In front of the cameras and in public, famed Hollywood actress Honey Whitlock, a product of the studio system, is as sweet as her name. Behind the scenes, she is demanding and controlling, making life a nightmare for anyone who has to deal with her, especially her browbeaten assistant, Libby. She and her entourage are in Baltimore – what is emerging as the Hollywood of the east – for the premiere of her latest movie. The premiere gets hijacked by a group of guerrilla independent filmmakers, led by director Cecil B. DeMented, in wanting to make a statement against the Hollywood studio system and the bad movies they produce. Cecil and his band kidnap Honey in the process. What their goal is, with no money per se, to make their own movie starring Honey as a statement against the Hollywood studios. Their general process is to have the scripted elements of the movie, such as Honey’s dialogue, being set against “real life” in they overtaking several of the Hollywood movie studio events in …
User Reviews: All you `movie lovers’ out there who are the genuine article, prepare to laugh HARD! In `Cecil B. Demented,’ famed off-Hollywood filmmaker John Waters has turned his attention to a subject that is obviously near and dear to his heart, and, in fact, near and dear to the hearts of all true lovers of movies everywhere. In his latest wild comedy, he has tackled the seemingly irreconcilable conflict that exists between the worlds of big budget mainstream Hollywood moviemaking and low budget, renegade independent cinema – a conflict that the latter always seems unfairly and unfailingly to lose. Waters certainly knows whereof he speaks – he, himself of course, being one of the great pioneers and icons of the underground film movement. He launched his directorial career and made a name for himself in independent film circles way back in the 1970’s with such crude landmark underground classics as `Pink Flamingoes’ and `Female Trouble.’ Since that time, he has himself received some heat from diehard indie film purists who have considered him something of a sellout for producing offbeat but decidedly more `commercial’ works like `Hair Spray,’ `Cry Baby’ and `Serial Mom, ` often with big name actors and actresses in starring roles. Yet, even with this more polished sheen, Waters’ films have always retained that quality of outrageousness and that willingness to push the envelope that distinguish his vision from that of more mainstream filmmakers.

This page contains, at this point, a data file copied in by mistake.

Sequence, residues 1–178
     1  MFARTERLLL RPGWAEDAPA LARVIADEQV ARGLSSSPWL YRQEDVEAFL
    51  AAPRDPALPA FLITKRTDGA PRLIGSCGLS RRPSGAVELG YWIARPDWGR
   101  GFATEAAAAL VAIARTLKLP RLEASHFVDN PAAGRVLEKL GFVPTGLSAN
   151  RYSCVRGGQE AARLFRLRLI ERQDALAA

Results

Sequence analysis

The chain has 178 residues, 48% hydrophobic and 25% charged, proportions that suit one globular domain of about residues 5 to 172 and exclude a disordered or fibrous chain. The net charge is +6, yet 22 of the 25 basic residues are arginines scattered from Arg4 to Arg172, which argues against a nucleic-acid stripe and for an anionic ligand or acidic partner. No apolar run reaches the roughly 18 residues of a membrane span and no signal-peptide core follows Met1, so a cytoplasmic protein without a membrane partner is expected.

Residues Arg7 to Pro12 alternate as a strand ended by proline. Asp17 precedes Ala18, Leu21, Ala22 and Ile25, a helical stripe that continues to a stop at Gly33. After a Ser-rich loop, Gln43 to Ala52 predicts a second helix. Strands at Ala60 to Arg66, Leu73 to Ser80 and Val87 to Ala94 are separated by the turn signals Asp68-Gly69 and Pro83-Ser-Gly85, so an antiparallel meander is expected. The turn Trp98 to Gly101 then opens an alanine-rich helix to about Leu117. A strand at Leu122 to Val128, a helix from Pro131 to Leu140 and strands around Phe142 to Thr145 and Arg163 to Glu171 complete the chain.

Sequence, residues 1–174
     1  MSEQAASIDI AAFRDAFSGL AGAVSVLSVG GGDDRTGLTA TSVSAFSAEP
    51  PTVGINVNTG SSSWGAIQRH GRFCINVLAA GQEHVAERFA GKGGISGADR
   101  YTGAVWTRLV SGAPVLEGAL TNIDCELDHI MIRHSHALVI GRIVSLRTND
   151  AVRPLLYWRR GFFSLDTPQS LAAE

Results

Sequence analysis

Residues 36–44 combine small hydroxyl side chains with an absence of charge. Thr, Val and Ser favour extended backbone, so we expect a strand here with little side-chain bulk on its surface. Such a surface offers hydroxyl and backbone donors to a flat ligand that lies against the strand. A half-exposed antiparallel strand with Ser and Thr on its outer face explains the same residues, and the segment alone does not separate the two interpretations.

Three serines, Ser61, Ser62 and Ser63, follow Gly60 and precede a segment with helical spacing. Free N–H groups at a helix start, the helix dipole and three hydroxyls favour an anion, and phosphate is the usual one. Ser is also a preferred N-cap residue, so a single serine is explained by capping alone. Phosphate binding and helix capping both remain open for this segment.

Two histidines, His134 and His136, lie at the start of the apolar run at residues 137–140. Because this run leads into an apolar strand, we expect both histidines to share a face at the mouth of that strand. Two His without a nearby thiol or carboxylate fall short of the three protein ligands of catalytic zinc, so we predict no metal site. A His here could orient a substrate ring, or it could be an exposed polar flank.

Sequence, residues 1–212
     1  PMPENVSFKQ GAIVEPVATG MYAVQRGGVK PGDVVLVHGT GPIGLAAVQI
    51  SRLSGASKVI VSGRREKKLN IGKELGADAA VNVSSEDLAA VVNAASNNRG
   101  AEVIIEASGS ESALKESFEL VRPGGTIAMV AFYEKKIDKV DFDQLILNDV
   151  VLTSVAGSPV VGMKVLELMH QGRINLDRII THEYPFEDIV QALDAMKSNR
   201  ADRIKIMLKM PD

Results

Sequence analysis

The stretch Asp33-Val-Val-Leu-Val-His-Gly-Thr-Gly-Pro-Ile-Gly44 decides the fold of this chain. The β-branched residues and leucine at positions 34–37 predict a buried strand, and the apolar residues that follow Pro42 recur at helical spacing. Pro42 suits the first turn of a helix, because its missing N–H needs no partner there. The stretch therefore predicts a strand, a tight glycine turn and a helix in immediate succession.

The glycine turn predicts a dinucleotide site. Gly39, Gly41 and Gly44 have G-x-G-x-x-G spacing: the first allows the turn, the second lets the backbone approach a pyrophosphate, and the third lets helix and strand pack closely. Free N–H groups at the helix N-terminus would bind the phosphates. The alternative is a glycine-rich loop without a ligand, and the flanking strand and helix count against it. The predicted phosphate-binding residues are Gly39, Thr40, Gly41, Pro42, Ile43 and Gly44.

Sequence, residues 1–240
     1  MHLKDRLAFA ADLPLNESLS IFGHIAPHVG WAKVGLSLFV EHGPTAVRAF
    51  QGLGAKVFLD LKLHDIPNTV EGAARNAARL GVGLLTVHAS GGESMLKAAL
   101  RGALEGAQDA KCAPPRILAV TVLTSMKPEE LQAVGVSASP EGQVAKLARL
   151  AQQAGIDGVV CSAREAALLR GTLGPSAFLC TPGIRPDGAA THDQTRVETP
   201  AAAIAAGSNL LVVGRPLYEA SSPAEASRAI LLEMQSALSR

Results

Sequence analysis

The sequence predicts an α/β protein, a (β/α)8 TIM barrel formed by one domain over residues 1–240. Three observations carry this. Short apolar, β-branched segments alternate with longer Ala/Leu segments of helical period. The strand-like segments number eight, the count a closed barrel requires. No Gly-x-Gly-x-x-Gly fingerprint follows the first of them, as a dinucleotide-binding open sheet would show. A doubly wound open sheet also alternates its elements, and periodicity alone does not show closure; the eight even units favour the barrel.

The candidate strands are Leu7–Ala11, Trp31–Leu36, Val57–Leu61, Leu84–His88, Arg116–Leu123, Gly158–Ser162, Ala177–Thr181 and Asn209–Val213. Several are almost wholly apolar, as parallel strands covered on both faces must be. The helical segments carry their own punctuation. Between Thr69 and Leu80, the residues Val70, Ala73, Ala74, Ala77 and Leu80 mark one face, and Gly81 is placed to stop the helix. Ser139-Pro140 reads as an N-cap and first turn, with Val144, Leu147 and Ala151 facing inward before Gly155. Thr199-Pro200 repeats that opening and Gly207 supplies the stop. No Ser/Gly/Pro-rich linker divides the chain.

`Cecil B. Demented’ is a particularly funny film for those who share Waters’ outrage at the mass audience’s seeming preference for the bland unoriginality of much of the product churned out by the cinema factory known as Hollywood and its seeming dismissal of the cutting edge experimentation and originality that define so much of independent filmmaking. And he lambastes a money-hungry industry that is all too eager and willing to supply the public with the big budget, special effects-ridden pablum it seems to crave. Or is it in classic chicken-or-egg fashion really the STUDIOS that condition the audience into thinking that those are the films that they want to spend their hard earned money to see? At any rate, Waters’ clever parody follows a Patty Hearst-type storyline (as usual, Patty Hearst herself appears in the film) in which a group of bizarre, renegade independent filmmakers kidnap a Hollywood starlet (Melanie Griffith at her most likable) then force her to star in their reality-based new film which involves them filming themselves as they storm, guns blazing, into theatres that are showing putrid mainstream films, all in a righteous effort to bring commercial cinema to its knees.
`Cecil B. Demented’ provides a rapid-fire onslaught of clever inside jokes lampooning both mainstream and independent filmmaking. Although his heart obviously lies with the latter, Waters also can remain objective enough to skewer some of the self-righteous pretentiousness that occasionally creeps into that type of filmmaking as well (he even shows that, as a director, he is damn good at staging one of those slick car chases he professes to abhor). Yet, as this clever parody plays itself out, most of us watching the film can’t help but nod our heads in amused agreement with much of what he is showing us. In addition to the jokes themselves, Waters provides amusement with his sharply delineated comic characters each of whom satirizes a different aspect of the renegade subculture. We have, for instance, the maniacal, fanatical, single-minded director (delightfully played by Stephen Dorff) who sees himself as nothing less than the messiah sent to destroy commercial filmmaking and erect a cinema based on iconoclasm and originality in its place. We have all his devoted followers who run the gamut from Satanists to porn stars to punk rockers to straight hairdressers to gay truck drivers etc. Without question, much of the zestful energy that propels this madcap film forward comes from the dead-on performances of the actors and actresses in these roles.
Energy and originality are in fact the hallmarks of this film from start to finish. `Cecil B. Demented’ may not be Waters at his most outrageous, but it provides loads of pleasure for film lovers who have been thinking many of the same thoughts that only Waters, in his uniquely humorous way, could effectively get across. Real movie lovers of the world unite! Cecil B. Demented is here to save the day!